The somewhat grim setting and ill-fated premise concerning the do-gooder protagonist worked beautifully with the monotoned, ever-tormented narrators and the script was full of quirky, biting comedy; each brilliant element perfectly complimented by the impressive visuals of the cast interacting with animations. Despite being a visual feast with plenty of wit, this show provided a rather pointed parable and social commentary, highlighting the malignant injustices and how deeply they are felt by the young and impressionable; those who see what they want, what others have, and cannot fathom the meaning of their apparent inferiority. It also raises a sceptical, judgemental eye-brow at the concerning culture of drugging children who prove ‘challenging’; a submissive, zombie child is more desirable than chaos and unrest of course. The audience were welcomed via charming little packages of ‘Granny’s Gumdrops’ in nostalgic, striped candy bags- an exciting freebie at any age… Only during the show however, do we realise the sinister use of those sugary treats that we guzzled so readily…


As the production was clearly non-naturalistic, the animations were likewise not designed to be realistic extensions of the on-stage counterparts; the actors were interacting with roughly sketched and filled figures, and this made for very interesting visuals. Along with the settings and characters, the animations included captions and quirky illustrations of the narrative as it ran; hands with pointing fingers encircling poor Agnes in a moment of accusation, or a tirade of question marks as she questions which way next in her moment of crisis. Mesmerising stuff. If that wasn’t enough, remember that the aforementioned winning features were accompanied by live, jaunty music which gave the piece a silent movie feel, something Chaplin himself might have bounded into at any moment. However, although the various styles within the production were recognisable, the wild and wonderful combinations made the piece as a whole seem incredibly original and modern- the overall impact was not only slick, perfectly timed and creative, it was truly a sublime theatrical experience.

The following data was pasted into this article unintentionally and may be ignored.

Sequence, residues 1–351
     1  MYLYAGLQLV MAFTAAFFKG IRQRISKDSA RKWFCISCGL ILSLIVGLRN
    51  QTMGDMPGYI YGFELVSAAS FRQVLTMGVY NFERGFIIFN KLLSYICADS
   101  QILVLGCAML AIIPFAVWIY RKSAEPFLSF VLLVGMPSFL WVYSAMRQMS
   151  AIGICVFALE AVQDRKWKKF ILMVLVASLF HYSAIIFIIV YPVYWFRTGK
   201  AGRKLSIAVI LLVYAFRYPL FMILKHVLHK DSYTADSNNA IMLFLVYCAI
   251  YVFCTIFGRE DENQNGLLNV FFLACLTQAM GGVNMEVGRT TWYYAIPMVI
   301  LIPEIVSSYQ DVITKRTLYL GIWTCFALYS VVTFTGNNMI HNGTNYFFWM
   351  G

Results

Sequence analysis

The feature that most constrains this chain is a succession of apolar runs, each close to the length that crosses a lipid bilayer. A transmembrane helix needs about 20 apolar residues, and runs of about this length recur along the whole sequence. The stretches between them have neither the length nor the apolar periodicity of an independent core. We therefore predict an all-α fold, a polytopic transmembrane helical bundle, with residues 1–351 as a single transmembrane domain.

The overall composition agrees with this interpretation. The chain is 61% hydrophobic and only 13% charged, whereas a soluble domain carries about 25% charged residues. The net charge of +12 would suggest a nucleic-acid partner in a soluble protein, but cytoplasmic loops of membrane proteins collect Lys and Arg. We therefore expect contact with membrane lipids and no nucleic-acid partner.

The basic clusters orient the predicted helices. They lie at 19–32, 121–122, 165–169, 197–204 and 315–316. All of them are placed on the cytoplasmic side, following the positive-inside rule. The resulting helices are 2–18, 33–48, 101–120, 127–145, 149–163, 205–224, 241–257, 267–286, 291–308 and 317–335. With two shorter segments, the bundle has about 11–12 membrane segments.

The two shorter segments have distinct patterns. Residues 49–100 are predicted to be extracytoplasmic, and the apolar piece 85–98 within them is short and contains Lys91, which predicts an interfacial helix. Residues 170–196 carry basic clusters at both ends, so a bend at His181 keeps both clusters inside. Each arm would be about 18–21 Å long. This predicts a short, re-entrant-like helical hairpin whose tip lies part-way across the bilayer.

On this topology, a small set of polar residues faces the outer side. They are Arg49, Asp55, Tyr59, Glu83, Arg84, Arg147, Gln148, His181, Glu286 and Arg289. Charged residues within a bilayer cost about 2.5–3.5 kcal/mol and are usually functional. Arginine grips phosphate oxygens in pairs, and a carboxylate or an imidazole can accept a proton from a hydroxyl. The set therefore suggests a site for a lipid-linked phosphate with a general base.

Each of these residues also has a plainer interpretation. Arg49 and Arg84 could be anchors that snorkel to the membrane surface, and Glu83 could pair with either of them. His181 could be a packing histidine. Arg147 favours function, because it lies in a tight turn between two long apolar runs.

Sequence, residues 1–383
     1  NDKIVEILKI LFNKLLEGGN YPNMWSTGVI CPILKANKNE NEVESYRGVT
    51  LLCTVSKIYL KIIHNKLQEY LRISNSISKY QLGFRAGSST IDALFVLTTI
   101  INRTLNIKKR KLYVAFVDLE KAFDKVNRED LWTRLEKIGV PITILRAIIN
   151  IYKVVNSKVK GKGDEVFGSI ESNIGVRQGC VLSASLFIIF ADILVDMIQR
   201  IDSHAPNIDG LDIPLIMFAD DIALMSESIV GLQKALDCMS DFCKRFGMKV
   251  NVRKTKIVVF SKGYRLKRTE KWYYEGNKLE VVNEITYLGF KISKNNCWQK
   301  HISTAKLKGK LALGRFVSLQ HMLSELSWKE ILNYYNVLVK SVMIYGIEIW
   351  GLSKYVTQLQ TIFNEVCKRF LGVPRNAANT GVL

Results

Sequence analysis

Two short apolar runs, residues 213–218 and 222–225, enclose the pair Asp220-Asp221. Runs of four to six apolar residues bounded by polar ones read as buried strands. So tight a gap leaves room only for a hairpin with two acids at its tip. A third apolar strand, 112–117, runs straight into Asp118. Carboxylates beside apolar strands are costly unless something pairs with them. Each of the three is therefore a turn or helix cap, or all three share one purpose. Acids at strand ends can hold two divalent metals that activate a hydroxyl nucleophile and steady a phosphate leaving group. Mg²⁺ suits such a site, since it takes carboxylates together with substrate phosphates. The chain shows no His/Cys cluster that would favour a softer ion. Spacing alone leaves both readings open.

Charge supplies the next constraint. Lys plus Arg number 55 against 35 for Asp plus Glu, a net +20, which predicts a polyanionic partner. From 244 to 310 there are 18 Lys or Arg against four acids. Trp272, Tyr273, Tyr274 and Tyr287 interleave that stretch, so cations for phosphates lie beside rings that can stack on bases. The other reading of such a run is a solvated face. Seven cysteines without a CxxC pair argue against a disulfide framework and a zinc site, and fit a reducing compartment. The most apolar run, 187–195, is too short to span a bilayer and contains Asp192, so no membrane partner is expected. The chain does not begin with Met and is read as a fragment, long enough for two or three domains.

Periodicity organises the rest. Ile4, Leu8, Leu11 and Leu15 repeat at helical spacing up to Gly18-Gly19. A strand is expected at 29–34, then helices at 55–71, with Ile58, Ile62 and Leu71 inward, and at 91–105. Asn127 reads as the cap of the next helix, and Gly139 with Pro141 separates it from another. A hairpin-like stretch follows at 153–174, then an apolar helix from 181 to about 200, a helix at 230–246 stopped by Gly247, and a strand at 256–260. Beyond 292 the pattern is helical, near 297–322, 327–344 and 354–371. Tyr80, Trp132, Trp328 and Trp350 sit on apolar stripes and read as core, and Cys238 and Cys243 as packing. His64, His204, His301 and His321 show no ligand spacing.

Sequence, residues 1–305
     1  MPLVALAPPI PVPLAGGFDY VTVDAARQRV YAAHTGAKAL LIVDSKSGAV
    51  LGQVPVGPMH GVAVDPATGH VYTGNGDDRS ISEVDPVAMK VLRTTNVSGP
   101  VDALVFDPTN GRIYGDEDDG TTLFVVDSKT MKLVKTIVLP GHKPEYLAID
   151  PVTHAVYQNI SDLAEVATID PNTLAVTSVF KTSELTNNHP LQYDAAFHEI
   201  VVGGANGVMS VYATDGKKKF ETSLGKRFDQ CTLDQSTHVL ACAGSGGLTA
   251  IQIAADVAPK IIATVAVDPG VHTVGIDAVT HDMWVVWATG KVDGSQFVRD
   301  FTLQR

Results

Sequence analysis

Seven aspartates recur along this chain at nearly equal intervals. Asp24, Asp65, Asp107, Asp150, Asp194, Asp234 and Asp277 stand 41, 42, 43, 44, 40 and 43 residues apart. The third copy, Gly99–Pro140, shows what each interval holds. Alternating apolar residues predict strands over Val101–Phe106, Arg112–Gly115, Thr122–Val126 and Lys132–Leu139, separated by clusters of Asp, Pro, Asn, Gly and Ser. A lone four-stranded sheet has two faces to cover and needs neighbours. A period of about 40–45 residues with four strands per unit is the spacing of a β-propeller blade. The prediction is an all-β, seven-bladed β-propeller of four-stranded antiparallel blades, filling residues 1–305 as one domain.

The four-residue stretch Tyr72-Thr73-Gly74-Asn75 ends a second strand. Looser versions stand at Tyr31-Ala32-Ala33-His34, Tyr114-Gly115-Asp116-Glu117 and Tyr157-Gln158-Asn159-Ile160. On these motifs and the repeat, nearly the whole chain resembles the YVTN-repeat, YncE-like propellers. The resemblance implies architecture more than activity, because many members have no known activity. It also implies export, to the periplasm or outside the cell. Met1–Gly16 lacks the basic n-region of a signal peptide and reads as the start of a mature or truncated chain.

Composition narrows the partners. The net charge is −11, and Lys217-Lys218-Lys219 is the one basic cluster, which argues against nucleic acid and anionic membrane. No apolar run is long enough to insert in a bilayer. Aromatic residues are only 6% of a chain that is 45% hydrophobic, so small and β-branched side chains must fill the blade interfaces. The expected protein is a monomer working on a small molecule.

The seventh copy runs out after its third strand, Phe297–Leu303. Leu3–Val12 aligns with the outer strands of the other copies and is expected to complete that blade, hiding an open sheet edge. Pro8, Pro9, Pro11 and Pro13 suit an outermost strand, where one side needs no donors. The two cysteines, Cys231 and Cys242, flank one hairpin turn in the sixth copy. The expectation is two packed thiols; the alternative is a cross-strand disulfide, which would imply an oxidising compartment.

IMG_4377.PNG I can’t praise this piece highly enough and I couldn’t name a single flaw if I tried. Despite the time-lapse, this production remains crystal-clear in my memory. There are links to mini clips below- do yourself a favour and click on them for a glimpse of the magic. Do you want to see theatre which makes you resent the need to blink? Theatre that genuinely demonstrates unrivalled complex technical perfection in style and execution? Theatre which you are so stunned by, you’re hoping it’ll turn into a lock-in? Then keep an eye on 1927 and prepare to be amazed by what originality, style and unbridled imagination can do. I’m still convincing myself that there will be another opportunity to see the sublime perfection of this production again!